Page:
People with disabilities should take the time to review their needs with family, friends, and caregivers before a disaster strikes. Building a support network now is essential to ensure that everyone is prepared for any emergency. It is important to create a plan that meets the needs of those with disabilities and to encourage young people with disabilities to study technology, medicine, science, and engineering in order to gain power over future technological advances in disaster relief and mitigation. Communication technologies can be used to coordinate and track rescues, as well as combine databases that contain information on optimal treatment for certain disabilities or track resource allocation after a disaster. People with disabilities can provide valuable insight into how emergency managers and first responders can best help them during an emergency.
According to recent Harris surveys, more than half of the population of DisABLE have no plans or know who to contact for help in preparing for a disaster. It is essential that people with disabilities are included in preparedness planning for all emergencies. A universal design approach to meeting the needs of people with disabilities before and after a disaster will benefit many people without disabilities, such as young children or the elderly. Whether a person with a disability needs electricity to power a respirator, life-supporting medications, assistance with moving, or recovery services after a disaster, relief organizations and rescue personnel must be prepared to address those needs in the hours and days following a disaster. The media should collaborate with governmental and people with disabilities organizations to incorporate notices into emergency broadcasts in formats accessible to people with disabilities. In addition to including basic survival supplies in an emergency kit, it is important to include items that meet individual needs in various emergencies.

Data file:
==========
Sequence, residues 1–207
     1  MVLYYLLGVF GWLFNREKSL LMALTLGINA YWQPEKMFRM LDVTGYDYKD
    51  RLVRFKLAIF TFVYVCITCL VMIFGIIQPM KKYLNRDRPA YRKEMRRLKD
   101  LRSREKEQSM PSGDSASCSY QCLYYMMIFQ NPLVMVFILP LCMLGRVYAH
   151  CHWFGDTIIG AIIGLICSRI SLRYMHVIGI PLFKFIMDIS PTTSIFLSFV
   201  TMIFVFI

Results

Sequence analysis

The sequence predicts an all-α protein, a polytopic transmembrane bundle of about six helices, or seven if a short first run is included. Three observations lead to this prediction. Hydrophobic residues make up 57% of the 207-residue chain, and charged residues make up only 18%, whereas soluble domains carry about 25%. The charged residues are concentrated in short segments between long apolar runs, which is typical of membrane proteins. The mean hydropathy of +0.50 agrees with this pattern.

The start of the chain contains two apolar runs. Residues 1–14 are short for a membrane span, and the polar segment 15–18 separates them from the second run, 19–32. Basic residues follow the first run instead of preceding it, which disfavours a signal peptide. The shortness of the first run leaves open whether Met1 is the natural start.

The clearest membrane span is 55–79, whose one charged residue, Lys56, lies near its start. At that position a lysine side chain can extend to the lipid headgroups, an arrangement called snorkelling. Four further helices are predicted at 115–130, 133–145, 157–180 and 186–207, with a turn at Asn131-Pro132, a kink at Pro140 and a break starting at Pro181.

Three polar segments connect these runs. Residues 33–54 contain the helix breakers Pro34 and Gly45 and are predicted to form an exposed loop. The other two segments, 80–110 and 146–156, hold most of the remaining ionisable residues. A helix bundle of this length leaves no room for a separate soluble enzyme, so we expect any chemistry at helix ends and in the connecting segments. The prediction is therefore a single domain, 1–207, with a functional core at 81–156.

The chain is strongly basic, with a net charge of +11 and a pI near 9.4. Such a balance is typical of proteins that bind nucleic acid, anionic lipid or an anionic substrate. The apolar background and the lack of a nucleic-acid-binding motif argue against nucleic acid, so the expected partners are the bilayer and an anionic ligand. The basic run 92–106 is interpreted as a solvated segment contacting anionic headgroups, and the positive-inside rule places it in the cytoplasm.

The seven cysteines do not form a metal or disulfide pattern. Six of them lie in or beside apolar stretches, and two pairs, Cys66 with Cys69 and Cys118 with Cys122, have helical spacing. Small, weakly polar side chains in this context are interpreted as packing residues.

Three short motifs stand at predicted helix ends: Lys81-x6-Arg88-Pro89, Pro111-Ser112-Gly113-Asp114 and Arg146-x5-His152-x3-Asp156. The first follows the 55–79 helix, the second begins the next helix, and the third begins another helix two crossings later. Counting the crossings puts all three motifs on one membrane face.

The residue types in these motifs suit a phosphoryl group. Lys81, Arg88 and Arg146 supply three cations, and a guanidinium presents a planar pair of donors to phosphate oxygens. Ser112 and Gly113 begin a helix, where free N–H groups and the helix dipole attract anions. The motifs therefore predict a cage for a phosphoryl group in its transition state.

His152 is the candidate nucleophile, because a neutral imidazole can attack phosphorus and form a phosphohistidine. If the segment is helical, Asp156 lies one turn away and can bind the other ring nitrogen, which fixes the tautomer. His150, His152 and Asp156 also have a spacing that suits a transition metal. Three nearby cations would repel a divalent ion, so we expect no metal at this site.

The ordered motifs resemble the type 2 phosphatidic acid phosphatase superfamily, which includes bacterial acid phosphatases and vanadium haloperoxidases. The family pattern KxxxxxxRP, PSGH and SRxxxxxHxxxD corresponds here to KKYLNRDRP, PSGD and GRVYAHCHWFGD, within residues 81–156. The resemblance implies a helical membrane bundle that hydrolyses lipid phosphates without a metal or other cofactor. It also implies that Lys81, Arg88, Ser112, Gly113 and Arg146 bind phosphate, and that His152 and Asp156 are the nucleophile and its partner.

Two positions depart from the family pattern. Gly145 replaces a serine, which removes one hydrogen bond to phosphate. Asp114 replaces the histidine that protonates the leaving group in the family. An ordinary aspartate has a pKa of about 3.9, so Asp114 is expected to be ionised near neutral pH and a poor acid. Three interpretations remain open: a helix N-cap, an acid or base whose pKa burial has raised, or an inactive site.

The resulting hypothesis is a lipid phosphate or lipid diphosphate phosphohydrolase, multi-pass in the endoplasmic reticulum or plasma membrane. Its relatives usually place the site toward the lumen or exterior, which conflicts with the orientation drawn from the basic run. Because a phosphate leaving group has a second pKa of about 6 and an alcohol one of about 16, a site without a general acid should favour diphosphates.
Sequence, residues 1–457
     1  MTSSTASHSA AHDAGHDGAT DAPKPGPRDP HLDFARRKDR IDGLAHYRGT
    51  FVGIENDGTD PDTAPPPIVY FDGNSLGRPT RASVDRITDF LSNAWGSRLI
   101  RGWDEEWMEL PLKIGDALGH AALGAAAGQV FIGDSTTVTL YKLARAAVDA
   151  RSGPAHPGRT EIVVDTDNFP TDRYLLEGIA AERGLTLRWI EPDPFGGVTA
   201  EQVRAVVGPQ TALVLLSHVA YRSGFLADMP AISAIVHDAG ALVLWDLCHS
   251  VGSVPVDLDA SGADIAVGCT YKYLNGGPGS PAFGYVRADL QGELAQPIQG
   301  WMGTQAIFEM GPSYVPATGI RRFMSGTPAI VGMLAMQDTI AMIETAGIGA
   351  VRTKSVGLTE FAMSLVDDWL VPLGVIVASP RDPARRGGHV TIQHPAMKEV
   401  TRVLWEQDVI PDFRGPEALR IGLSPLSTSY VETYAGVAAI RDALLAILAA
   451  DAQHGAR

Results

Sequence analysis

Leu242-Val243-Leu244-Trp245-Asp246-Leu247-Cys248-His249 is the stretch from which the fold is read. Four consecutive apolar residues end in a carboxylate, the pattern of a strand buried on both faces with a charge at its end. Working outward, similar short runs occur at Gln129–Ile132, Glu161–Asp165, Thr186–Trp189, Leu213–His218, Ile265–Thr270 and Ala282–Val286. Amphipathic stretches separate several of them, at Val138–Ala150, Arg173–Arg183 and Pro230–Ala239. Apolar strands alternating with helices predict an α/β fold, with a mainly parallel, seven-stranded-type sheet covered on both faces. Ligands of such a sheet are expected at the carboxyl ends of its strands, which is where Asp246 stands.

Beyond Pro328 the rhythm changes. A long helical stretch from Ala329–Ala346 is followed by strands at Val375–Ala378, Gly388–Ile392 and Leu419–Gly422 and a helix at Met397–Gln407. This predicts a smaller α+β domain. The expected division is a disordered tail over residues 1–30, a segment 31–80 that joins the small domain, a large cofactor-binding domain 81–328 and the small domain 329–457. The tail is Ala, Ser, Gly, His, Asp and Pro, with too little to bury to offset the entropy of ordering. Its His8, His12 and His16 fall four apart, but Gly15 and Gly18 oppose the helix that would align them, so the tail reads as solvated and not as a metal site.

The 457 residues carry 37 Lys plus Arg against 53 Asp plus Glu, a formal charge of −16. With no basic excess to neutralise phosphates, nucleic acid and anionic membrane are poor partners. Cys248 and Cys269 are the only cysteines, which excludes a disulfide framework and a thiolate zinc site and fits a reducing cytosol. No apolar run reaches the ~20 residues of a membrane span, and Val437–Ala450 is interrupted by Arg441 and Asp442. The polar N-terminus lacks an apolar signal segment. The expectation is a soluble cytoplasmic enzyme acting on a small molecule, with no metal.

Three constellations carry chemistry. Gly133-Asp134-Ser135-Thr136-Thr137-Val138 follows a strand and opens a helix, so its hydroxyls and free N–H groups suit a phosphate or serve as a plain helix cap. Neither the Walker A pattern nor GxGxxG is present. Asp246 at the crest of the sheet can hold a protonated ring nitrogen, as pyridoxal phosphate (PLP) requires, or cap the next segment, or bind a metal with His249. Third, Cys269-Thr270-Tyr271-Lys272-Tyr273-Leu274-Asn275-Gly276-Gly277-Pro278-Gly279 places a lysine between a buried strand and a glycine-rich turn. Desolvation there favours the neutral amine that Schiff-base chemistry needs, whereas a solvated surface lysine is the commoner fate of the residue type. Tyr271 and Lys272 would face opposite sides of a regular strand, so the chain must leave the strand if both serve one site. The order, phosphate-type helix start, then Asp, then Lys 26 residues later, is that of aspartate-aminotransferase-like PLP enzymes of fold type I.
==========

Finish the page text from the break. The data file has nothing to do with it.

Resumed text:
The Idaho Inclusive Emergency Coalition is a coalition of Idaho residents with disabilities who are involved in all stages of emergency and disaster planning at the local, state and national levels. Relief workers must also provide training on how to support the independence and dignity of people with disabilities after a disaster. It is important for people with disabilities to be aware of their rights during an emergency situation. They should know what resources are available to them and how they can access them. Additionally, they should be aware of any laws or regulations that may affect their access to services or accommodations during an emergency.
Finally, they should be aware of any special considerations they may need when preparing for an emergency.